The COVID-19 pandemic has accelerated certain trends in giving, including increased use of digital giving tools and a shift in the causes donors see as important, a study from Fidelity Charitable finds.
Based on a March 2020 survey of more than three thousand adults in the United States who donated at least $1,000 to charity in 2019 and a follow-up survey in January of eight hundred an thirty individuals who donated at least $1,000 to charity in 2020, the report, The future of philanthropy: The evolution from charitable giving to charitable living, found that many donors are embracing new approaches to giving.
For example, nearly 60 percent of donors made gifts through a charity’s website in 2020, with 18 percent indicating they did so more frequently than in previous years, while 40 percent of those who have made a donation in 2021 ranked hunger as one of the top three challenges facing the world (up from 34 percent pre-pandemic), with access to basic health services coming in second (31 percent) and the number of donors listing racial discrimination as one of the top three challenges nearly doubling (16 percent in 2021, from 9 percent in 2020).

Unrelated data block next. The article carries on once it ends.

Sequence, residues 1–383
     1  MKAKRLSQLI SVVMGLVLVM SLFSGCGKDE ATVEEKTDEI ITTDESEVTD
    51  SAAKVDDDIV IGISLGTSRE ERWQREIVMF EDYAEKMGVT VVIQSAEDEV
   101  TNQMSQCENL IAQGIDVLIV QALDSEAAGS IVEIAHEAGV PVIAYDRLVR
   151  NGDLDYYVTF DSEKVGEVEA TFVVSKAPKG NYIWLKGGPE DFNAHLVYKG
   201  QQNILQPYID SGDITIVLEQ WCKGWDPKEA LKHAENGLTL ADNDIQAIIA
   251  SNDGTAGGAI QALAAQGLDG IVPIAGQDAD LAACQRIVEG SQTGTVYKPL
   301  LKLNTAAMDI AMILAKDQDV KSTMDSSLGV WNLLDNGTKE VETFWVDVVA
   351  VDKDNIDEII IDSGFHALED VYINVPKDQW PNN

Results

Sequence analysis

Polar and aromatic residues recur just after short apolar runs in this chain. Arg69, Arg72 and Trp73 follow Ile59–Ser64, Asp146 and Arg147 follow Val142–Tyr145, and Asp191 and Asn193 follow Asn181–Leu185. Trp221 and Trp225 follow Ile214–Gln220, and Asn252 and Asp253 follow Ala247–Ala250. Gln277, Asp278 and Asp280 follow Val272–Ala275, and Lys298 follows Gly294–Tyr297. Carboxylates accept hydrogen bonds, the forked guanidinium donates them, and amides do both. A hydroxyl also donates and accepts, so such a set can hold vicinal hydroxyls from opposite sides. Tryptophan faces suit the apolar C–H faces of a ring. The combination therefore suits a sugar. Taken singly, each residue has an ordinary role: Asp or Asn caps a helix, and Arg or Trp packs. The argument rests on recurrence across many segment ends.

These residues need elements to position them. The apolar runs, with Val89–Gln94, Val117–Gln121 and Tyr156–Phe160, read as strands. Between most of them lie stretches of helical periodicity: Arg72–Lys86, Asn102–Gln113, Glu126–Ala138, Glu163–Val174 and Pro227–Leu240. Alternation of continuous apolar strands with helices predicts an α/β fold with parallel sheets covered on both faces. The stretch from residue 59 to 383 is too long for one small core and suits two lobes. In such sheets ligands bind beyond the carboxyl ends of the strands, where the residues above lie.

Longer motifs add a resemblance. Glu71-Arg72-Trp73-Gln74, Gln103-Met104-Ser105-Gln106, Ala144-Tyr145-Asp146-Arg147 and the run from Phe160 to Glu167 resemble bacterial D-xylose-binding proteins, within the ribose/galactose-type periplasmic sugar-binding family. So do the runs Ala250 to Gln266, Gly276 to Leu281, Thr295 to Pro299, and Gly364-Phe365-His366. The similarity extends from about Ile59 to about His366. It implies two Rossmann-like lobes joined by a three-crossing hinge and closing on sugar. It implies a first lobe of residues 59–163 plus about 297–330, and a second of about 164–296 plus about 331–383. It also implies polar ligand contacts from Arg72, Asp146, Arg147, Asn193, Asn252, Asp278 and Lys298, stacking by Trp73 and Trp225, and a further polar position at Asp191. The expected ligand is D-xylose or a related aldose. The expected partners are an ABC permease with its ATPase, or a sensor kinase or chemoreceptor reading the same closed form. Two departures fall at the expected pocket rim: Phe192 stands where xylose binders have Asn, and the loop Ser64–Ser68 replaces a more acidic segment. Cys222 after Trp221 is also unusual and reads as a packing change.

Fidelity Charitable president Pamela Norley said, “Charitable giving is quickly becoming charitable living, impacting not just the nonprofit sector, but the way we work, play, and invest more broadly. There is an entirely new mindset among younger generations shaping what it means to give back. Three in four Millennials consider themselves philanthropists, regardless of how much they give, compared to only one in three boomers.”
The survey also found that donors are increasingly reconsidering their definition of philanthropy. Rather than giving money to charity, for example, half of all donors cited the purchase of products from socially responsible businesses as philanthropy; 20 percent said they had engaged in impact investing and considered social or environmental factors when making investment decisions; and 70 percent said they believe it is important to work for a company that embraces corporate social responsibility.
In addition, the survey found that millennials are more likely than older cohorts to engage in newer methods of giving and to describe themselves as philanthropists (74 percent vs 35 percent of boomers and 48 percent for Gen X).
While the survey found that only 57 percent of donors indicated they are somewhat optimistic about the future (and 20 percent saying they are not at all optimistic), younger donors expressed more confidence, with 40 percent of millennials saying they are very optimistic, compared to 15 percent of boomers and 22 percent of Gen X.